Diwali or Deepavali is my favourite festival of the year.I come from a very conservative and traditional Hindu, Brahmin family so festivals are a one too many in my house.Almost every alternate day demands a big lunch and endless vermilion applications.Coconut breakings, garland offerings, aartis, poojas, homas and havanas are a routine thing.But Deepavali, despite following the same scheme of events is very refreshing and different.
As a kid, it was definitely the best festival because all my cousins came over to my house and we had quite a 'blast'(forgive the pun!).The endless exchange of different versions of the same memory between my aunts, the going out with appa and uncles to buy firecrackers, late night gossip, ajji's laddoos, ajja's stories...it was like an alternate universe.We bought new clothes the previous day despite knowing that the market place would be swarming with last minute buyers.It never occurred to us that we could buy our Diwali stuff in advance.We'd be tired walking around the market and crib about our aching legs till we got sent to bed with stern warnings.The next morning, on Narak Chaturdashi was the aarti.We'd wake up as early as possible, usually around 5 30am, dress up in our brand new clothes, wear bangles(which we hated on the other days of the year) and sit in line with our brothers and uncles for the aarti.Our mothers performed the aarti, sang the same aarti song every year as we hummed along.They'd apply a little oil(a fragrant one.This point too made Diwali an exciting thing for us.) on our hair with a gold ring.Then we'd bow to God and our elders.We'd accept the prasad and then we'd all walk to the nearest Hanuman temple.After visiting the temple, our mothers would oil us and give us a nice, hot bath.The Deepavali lunch was always heavy.Payasa(sweetened porridge), kosambri(salad),chutney,chitranna(lemon rice), my ajji prepared all varieties of delicacies on a coal stove.I can still remember the taste of the lunch just by reminiscing about it.The heavy lunch was followed by ice cream bought from the street hawker.My brother would finish his off quickly and beg for a bite from mine.We'd fight over it, I'd usually end up crying.He did it every year though, just so he could tease me.A siesta ensued after the dessert.Evenings were again dedicated to dressing up(for the girls) and firecrackers(for the guys).We'd block our ears and close our eyes as my brothers lit patakha on patakha(or as we call it, patakshi).In the end, we burst firecrackers too, with our mothers' warnings about fire safety ringing in our ears.This went on till almost 10 in the night after which the younger siblings got to light a special rocket or a special flower pot under the careful supervision of an elder.We'd all be exhilirated with the gorgeous display of colours and fire and go to sleep late in the night, still thinking about the evening.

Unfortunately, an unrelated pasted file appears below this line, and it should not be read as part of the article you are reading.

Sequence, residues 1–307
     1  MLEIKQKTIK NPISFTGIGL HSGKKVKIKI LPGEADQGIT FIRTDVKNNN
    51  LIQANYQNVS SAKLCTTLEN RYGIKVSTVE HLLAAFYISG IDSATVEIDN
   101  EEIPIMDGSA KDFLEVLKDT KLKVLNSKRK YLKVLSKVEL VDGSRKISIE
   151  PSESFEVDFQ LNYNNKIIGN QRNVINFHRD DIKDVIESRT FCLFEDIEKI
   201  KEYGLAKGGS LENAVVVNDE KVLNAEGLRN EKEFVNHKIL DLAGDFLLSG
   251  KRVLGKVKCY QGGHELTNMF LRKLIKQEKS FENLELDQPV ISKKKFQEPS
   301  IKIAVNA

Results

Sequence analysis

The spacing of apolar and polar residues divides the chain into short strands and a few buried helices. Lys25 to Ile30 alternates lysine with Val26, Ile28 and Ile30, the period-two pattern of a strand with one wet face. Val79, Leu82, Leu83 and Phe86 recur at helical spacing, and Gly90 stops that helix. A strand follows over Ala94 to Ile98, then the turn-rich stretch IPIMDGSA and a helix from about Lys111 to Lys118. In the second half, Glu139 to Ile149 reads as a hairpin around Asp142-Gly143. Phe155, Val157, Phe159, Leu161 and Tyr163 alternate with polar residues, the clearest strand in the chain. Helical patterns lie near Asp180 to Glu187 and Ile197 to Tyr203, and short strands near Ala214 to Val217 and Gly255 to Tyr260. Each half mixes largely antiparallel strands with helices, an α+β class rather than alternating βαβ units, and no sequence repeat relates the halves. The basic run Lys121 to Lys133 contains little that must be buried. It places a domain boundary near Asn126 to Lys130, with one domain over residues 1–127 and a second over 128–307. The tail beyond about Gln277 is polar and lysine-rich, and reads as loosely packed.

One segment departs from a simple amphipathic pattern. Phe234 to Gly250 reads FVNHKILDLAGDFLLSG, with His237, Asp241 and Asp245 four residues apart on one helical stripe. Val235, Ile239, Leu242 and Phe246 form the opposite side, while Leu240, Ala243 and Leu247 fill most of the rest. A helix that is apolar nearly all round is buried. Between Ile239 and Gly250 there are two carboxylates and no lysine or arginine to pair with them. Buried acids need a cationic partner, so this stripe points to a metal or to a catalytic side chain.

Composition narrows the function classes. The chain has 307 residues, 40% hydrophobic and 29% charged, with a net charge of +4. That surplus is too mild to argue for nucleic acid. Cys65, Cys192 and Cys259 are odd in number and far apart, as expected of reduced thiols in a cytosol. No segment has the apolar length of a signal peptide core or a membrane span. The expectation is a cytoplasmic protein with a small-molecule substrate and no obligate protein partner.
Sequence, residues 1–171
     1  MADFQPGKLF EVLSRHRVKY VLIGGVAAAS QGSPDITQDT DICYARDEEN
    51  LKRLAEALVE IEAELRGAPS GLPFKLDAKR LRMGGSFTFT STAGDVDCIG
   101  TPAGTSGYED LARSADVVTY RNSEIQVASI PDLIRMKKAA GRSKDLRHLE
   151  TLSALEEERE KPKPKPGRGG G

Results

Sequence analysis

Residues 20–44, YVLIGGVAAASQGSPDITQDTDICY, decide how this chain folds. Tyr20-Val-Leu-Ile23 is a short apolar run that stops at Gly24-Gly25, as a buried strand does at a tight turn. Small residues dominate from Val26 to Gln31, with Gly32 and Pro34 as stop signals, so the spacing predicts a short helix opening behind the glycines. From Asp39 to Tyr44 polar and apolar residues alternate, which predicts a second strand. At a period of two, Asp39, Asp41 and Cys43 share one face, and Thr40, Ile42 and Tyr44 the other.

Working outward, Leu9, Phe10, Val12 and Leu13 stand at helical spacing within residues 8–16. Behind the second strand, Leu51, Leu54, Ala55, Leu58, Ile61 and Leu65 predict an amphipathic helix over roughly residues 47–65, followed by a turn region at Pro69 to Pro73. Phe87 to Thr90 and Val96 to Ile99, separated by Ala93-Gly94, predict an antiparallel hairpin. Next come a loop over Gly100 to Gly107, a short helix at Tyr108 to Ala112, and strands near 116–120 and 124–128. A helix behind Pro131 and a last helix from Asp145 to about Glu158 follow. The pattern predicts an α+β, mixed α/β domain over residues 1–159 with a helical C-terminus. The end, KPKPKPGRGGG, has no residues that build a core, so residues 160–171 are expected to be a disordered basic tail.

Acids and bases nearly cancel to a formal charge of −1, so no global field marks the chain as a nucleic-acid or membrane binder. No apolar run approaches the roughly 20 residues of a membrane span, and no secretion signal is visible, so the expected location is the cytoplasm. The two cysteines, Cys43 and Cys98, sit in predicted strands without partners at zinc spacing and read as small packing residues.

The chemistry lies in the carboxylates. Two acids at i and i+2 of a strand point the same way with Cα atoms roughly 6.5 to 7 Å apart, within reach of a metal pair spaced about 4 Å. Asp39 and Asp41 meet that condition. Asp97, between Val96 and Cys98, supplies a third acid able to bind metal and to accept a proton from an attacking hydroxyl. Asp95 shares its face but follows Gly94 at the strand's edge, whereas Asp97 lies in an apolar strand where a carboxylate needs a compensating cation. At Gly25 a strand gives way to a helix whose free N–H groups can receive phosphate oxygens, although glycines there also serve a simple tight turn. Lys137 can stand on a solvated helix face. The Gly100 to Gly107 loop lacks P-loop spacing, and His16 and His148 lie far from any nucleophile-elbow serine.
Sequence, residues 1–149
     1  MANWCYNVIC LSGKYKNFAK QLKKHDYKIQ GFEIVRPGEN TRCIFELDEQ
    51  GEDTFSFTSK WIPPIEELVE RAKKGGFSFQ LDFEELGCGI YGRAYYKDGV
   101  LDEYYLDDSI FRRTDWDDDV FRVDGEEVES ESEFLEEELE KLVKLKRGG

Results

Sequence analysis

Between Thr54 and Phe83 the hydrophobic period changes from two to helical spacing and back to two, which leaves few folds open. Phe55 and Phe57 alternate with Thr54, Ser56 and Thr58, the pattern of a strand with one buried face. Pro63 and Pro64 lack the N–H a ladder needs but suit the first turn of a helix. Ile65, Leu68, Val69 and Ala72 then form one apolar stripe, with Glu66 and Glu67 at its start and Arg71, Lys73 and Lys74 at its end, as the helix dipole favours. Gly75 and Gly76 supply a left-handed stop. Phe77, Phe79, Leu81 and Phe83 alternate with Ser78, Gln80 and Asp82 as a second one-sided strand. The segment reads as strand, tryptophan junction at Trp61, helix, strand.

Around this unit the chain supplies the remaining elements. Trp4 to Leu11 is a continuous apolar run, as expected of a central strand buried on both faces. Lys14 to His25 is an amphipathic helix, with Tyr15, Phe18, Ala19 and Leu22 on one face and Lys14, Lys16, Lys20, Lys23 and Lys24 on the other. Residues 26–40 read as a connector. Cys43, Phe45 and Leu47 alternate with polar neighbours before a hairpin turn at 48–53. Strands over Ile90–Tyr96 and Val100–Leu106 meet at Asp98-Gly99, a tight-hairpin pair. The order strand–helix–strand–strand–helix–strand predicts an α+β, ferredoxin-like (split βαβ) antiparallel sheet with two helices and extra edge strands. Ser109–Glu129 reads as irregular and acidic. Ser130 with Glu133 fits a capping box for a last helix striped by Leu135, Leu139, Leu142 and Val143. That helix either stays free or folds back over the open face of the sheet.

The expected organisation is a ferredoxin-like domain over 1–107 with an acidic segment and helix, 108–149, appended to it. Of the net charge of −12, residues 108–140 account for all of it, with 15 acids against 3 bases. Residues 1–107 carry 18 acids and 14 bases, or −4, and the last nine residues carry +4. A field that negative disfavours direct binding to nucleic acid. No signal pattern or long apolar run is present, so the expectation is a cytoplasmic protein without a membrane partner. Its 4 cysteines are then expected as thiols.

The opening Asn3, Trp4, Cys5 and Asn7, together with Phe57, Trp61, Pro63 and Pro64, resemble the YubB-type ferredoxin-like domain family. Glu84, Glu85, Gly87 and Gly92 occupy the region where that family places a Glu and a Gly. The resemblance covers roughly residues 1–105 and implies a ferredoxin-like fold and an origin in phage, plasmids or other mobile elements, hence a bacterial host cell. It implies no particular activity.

It's quite different now.My cousins don't come over.They celebrate the festival in their own homes.My brother works in Bangalore, he cannot get off work for too many days.The few days he is here, he spends half his time catching up with old friends.Ajji wasn't in town this year, so amma cooked instead.Amma cooks well too but not in ajji's league.Diwali has been a quiet festival for the past seven years because I banned firecrackers at my place.Just the traditional lighting of the diyas and we're done with the display.Diwali shopping was low key too.I wasn't interested in clothes this year.Yet, the aarti was something I looked forward to, I lit the diyas at twilight and wished for everyone's well being.The chill in the air was the same on Diwali morning as it was ten years ago.The mist that hung was a little smoggier though.I made quite a few bucks.In the end, it was a very normal festival.The charm of it lay in the remembrances this time...
I know two stories that relate to Diwali.One being the return of Lord Rama and Goddess Sita to Ayodhya from Lanka.And the other one tells us how Lord Krishna defeated the demon Narakasura. Whatever may be the reason for celebration, Diwali is by far the most significant and symbolic festival.The whole concept of lighting lamps to symbolise the light engulfing darkness, knowledge winning over ignorance is very enlightening(again, unintended!).I hope people realise, at least by next year, how bad firecrackers are for the environment and do away with them entirely.Wishful thinking na?I don't know why we have to maim nature on every occasion, in the name of God.Anyway, without further digression, my favourite festival of the year went really well.Here's wishing you a very Happy Deepavali.I sincerely hope all the festive greetings come true.Have fun!:)